Weekender recently took a trip to Taiwan – just a three hour flight from Tokyo – and had a great time. Check out the full story in our May 2012 issue, or have a look at some of the highlights, below.
By Adam Miller
Taiwan is a country with a rich and lengthy history but the past decade has seen a barrage of change, especially for the capital, Taipei. Instead of being dragged kicking and screaming towards modernity, however, it is skipping towards it gleefully whilst reserving the utmost respect for its heritage and tradition.
This means the country truly offers something for everyone. The natural beauty of the beaches, mountain ranges and hot springs, along with the stunning historical monuments, temples and museums give backpackers and culture vultures alike a reason to visit.
Add to this an influx of international brands, designer goods, department stores and luxury hotels and you can see why every year sees an increase in the number of tourists flocking from Japan.
Whether or not you go is not the issue – that decision should be easy – the real problem is deciding when.
Taiwan follows a seasonal routine similar to that of Japan but the sub-tropical winters are far milder with the temperature very rarely dropping below 10°C. The summers are hot and humid. If you hate the heat, you have been warned; typhoons and tropical downpours are common during the summer months.
The food is as diverse as the culture, with Michelin-starred chefs offering gourmet meals at the vast array of five-star hotels and fine restaurants.
The premium quality, though, obviously has a price-tag to match. For a mere fraction of this there are countless food stalls lining the streets which offer everything from freshly steamed dim sum to the foul smelling but sweet tasting dorian fruit.
Taiwanese food will surprise many people. It is not as oily as many Chinese foods commonly served in Japan and the tropical ingredients are used with impressive versatility. The atmosphere is as varied as the budget.
If you want peaceful refinement then you have a wide range to choose from. If you want to see the “real” Taiwan, though, check out the enthusiastic shouts and speedy service of the talkative night market staff who will tempt you with their local cuisine; an evening walking amongst the sights, sounds and smells of the street stalls is not to be missed.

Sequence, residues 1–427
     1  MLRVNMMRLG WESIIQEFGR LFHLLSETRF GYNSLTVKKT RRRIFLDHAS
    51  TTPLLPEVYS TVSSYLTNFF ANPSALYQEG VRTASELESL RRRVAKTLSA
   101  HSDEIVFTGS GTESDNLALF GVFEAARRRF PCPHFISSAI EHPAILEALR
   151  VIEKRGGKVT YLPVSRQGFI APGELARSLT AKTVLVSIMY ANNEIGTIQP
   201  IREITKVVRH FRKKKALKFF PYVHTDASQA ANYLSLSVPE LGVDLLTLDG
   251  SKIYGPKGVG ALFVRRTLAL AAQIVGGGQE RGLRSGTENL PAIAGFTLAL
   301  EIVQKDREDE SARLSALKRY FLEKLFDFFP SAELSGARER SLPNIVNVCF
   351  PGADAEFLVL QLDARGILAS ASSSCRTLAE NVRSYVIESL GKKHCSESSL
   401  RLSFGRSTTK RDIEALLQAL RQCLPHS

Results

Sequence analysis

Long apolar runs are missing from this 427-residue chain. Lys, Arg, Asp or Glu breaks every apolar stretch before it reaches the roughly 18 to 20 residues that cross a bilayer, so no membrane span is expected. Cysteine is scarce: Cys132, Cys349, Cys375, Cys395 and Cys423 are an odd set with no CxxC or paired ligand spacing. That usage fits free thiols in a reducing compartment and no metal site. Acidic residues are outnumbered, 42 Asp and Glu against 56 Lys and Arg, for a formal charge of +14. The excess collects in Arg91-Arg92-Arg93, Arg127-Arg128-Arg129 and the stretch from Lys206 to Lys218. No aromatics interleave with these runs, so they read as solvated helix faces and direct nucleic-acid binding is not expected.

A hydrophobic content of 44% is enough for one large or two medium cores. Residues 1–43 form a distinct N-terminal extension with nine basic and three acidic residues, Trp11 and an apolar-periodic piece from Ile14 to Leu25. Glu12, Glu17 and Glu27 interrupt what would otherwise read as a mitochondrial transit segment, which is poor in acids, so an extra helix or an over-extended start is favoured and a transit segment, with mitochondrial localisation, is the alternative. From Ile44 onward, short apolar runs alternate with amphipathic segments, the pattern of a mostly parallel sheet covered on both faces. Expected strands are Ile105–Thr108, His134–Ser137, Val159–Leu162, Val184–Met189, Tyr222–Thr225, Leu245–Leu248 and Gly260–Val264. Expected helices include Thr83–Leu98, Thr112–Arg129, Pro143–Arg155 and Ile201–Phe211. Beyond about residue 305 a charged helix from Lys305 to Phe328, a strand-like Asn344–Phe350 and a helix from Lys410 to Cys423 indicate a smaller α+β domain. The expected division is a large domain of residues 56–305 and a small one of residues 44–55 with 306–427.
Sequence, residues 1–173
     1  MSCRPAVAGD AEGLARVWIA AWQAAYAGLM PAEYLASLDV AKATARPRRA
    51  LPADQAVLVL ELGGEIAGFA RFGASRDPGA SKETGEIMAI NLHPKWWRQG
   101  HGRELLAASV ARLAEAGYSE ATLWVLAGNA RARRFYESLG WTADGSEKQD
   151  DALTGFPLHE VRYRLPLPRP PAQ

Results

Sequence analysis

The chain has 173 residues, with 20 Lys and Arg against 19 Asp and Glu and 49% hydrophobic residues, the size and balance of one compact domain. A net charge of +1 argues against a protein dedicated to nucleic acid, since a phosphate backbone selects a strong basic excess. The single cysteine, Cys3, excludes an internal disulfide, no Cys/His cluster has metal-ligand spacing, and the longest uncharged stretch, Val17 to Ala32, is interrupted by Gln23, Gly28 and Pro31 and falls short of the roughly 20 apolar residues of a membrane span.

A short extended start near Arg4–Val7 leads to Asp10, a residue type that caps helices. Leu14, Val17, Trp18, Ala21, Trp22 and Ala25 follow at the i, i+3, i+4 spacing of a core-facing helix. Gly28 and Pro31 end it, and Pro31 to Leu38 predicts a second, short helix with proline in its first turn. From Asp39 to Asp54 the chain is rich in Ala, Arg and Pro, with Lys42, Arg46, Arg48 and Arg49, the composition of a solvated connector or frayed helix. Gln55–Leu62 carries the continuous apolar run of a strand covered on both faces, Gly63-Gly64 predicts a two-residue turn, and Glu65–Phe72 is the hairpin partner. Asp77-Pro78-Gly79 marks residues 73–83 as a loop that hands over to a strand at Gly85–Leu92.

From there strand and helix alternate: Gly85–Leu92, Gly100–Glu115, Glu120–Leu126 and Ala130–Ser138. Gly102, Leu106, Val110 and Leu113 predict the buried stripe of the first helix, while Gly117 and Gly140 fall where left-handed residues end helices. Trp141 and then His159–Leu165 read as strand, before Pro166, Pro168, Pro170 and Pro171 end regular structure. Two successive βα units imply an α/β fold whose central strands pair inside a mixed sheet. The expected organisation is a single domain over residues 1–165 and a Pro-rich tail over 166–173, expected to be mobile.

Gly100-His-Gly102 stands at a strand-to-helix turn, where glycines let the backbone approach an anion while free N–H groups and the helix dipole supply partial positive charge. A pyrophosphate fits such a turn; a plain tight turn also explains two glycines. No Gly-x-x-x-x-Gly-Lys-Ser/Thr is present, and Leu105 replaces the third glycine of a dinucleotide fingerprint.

The amazing array of noodles, fried dumplings, grilled tofu and as many parts of the animal as you can think of dipped in sweet, piquant sauce and served to the wandering crowds mean this is the place to be after dark.
Other must see sights include the amazing Chiang Kai-shek Memorial Hall, pictured here in the rain!
The mammoth building is a 76-metre-tall concrete and marble structure built in memory of Generalissimo Chiang Kai-shek, a military and political leader who played a central role in the Nationalist Party.
Building started the year after he died in 1975 and took over three years to complete. There are two sets of 89 steps leading to the main hall – a step for every year that Kai-shek lived.
At the top is the spacious hall, which houses a large bronze statue of the man, smiling, seated and welcoming; behind him are inscribed the words “ethics, democracy and science.”
The 101 Tower may not have the historical context of the Memorial Hall but it does have the wow-factor. Although it has five basement levels the building has 101 floors above ground (climb to the 89th for an outdoor observation deck you could stroll around for hours) and was officially – at over 500 metres tall – the tallest building in the world until the Burj Khalifa was completed in Dubai in 2010. It is still, however, the world’s tallest green building, holding the LEED (Leadership in Energy and Environmental Design) Platinum certification.
The design itself is weighted with symbolism. There are eight sections of the tower, that being the number associated with luck and prosperity. The sections are also said to resemble a bamboo stalk or a stack of traditional money boxes.
The colourful lights that illuminate the tower throughout the night symbolise the rainbow – the liminal space which links heaven and earth.
Although the building dominates the skyline of Taipei, it really demands your attention during the New Year celebrations when an extravagant fireworks display is launched directly from the building. This year’s display team launched no less than 30,000 rockets!
No matter why you may wish to go to Taipei, there is no real excuse not to.
Now that Haneda Airport offers a direct flight into downtown Taipei – Songshan Airport is a short MRT ride from the city centre – you can get there from Tokyo in just over 3 hours. So what are you waiting for?
If you head off now, you can be there and back in time for breakfast tomorrow – after visiting the night markets and restaurants, though, you might not need it.